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Old 11-30-2003, 10:45 AM
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Sortof simplistic and not 100% accurate, but the general message is about right. The supercharger incurred cost are not all strictly needed for one along with the power loss numbers. I believe you will find it being more like a 10% drive loss. The whole three parts of each system thing is sortof funny. Turbos for example do have three parts but not what are listed: Compressor Housing, CHRA including compressor and turbine wheels, and Turbine housing which sometimes includes the wastgate depending on design.

Hot Rod Magazine has done some more factually correct write ups that are pretty interesting. A couple months back they did a good turbo vs roots blower vs centrifugal super charger article. Pretty good read.

Chris
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Old 11-30-2003, 01:37 PM
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I have one thing to say. Sledgehammer!
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Old 11-30-2003, 02:16 PM
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Either way I still think it's a pretty good write up. And it's got me thinking about putting the turbo on my truck instead of the S/C. Looks like I might need to do some extensive research myself on which setup will better suit my needs.
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Old 11-30-2003, 04:44 PM
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i didn't read all of it but i did read the conclusion part. and i was thinking don't all the top top fuel teams run blowers? you would think they would be the first to make use of the extra horses. i guess them guys just don't like change, but it seems they keep getting faster and faster. arn't they going like 300 mph in the quarter now? wonder how fast they could go with a turbo? and why they dont?
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Old 11-30-2003, 08:38 PM
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Quote:
Originally posted by minesblown
i didn't read all of it but i did read the conclusion part. and i was thinking don't all the top top fuel teams run blowers? you would think they would be the first to make use of the extra horses. wonder how fast they could go with a turbo? and why they dont?
One of the major reasons is that they are specifically prohibited by NHRA, per my 2003 NHRA Rulebook (pg 174 for those following along at home). They are "Restricted to Roots-type supercharger, rotor helix angle not to exceed that of a standard 71-series GM-type rotor".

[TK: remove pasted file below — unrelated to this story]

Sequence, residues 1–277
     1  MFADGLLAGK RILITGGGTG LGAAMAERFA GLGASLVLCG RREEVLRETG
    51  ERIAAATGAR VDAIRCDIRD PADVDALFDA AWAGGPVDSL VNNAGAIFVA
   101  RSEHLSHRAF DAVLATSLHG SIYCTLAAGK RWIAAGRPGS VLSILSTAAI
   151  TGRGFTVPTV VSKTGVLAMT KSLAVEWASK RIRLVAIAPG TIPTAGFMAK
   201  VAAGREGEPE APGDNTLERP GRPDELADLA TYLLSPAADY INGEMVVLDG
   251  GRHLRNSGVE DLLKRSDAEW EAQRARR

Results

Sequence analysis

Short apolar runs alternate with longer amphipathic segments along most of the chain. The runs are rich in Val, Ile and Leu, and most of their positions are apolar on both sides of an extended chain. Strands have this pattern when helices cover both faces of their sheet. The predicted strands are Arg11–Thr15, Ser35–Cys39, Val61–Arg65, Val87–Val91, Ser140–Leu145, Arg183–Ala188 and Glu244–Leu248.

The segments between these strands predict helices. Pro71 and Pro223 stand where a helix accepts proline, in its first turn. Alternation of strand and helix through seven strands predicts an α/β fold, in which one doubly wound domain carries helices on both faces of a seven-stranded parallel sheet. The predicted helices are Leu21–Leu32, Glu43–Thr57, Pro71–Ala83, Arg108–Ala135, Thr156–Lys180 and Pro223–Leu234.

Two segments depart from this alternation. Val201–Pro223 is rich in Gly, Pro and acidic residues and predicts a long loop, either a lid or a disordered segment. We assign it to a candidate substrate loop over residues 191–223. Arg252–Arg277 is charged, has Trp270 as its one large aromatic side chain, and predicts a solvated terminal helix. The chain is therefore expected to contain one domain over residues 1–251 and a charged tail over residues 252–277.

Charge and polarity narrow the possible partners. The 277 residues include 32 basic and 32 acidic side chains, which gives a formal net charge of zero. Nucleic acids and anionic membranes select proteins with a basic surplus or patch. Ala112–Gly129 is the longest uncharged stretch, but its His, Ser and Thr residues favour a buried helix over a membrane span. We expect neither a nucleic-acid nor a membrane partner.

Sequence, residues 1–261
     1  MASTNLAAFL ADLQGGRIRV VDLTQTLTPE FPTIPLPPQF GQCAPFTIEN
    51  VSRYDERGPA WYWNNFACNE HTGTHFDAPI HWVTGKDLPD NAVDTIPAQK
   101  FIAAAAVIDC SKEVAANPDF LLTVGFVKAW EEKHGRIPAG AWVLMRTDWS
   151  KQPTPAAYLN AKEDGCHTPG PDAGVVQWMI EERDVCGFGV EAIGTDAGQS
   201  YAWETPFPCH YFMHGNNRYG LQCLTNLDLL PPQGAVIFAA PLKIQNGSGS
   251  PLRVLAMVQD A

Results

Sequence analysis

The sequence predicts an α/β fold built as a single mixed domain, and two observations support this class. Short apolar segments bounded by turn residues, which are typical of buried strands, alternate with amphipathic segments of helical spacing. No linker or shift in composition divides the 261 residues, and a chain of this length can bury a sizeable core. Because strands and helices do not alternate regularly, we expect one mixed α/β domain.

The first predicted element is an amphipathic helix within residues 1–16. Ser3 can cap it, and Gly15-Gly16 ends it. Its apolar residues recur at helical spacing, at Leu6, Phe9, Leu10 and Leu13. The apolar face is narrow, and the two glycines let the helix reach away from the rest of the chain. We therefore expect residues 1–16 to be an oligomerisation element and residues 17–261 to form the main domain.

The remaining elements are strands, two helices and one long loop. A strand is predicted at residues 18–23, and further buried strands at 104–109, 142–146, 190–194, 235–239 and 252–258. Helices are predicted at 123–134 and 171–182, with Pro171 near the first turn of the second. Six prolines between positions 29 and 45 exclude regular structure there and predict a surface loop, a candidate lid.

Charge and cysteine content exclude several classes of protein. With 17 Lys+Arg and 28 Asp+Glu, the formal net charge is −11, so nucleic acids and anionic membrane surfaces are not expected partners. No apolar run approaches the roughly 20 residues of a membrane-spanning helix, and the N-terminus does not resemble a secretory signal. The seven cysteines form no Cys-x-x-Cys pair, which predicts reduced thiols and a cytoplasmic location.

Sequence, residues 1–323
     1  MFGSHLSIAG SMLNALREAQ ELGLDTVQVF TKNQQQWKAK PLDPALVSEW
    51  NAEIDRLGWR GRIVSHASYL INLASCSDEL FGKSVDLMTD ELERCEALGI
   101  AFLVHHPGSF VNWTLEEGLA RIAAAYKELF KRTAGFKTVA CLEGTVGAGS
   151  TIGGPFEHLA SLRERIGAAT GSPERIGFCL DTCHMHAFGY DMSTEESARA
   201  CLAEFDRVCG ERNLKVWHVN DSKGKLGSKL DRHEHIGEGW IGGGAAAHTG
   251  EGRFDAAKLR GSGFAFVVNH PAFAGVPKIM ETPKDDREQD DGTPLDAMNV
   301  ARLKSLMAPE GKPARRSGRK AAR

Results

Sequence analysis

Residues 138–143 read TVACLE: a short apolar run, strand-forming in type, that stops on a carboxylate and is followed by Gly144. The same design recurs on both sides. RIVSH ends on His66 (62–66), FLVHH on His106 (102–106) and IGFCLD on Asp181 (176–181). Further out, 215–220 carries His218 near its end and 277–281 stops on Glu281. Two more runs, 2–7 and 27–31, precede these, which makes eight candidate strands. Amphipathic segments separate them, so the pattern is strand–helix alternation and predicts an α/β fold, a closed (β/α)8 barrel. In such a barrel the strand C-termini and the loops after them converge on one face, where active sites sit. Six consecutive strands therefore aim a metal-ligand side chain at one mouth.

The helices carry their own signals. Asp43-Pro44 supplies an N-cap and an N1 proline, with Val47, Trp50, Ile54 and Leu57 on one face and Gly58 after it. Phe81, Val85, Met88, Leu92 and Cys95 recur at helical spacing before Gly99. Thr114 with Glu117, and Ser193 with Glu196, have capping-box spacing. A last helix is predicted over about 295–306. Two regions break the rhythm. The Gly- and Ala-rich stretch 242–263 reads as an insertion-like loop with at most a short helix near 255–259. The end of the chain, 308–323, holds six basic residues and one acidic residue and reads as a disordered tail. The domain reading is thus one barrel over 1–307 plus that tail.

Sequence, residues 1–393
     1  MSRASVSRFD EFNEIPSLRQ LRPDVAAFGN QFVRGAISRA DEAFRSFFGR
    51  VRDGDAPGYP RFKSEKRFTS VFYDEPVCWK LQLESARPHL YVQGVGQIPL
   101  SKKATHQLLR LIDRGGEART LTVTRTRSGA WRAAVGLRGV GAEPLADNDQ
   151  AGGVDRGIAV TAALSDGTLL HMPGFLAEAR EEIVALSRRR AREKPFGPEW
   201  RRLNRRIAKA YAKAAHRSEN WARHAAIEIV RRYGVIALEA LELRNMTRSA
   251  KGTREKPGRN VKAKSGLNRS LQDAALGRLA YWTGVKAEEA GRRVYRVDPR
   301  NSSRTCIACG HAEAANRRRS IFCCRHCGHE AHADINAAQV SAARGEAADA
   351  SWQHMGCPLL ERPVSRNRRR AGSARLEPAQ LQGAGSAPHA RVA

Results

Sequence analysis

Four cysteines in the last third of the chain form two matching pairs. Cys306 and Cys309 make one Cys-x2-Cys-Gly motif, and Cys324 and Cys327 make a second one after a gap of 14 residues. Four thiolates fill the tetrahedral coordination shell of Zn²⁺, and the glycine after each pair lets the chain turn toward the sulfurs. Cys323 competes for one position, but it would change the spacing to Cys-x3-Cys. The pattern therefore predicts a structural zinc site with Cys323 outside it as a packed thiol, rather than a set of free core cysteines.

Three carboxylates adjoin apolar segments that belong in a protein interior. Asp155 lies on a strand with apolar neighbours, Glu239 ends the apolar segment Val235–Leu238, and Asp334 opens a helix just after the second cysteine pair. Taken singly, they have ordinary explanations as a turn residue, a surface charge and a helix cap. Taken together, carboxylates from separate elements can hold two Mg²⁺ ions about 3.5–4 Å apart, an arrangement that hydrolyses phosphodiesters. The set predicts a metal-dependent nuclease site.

HTH
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Old 03-26-2005, 09:21 AM
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When you put a supercharger or turbo whatever under your hood,
normaly its to bring performance in, price dont matter here, at should'nt matter if you talk about Real performance !

The Turbo is a Very Heavy Heat factory under your hood,
Remember that Heat is your Enemy in ANY performance engine !!!

If turbo are good, they are not bad..., But a centrifugal supercharger
would be far superior even if they took some HP from the belt, as well they can produce lot of more Boost than a turbo charger simply by changing the pulley... More control !

The two are identical except by the way they turn the blower.
If you think to put the best, a Centrifugal supercharger is the best (i dont talk about root type that are very ineficient comparatively,
producing ZERO Heat ! This is what i have done myself Whit a F1 Procharger on my block & i think it would far better than any turbo and VERY more easy to install and dont use the space under the hood by Heated pipe, custom manifold etc. like a turbo do..

Take a look and you wont see Turbo on most of the race car, Turbo develop a lot of heat, and heat is the enemy of a race engine...

The only "real" heavy performance turbo i have see is the "linghenfilter" (not sure of the spelling trough.. But overly priced stuff..

But again, for me , cost is not and option..
I want the best simply... No matter if it cost more..
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Old 03-26-2005, 09:45 AM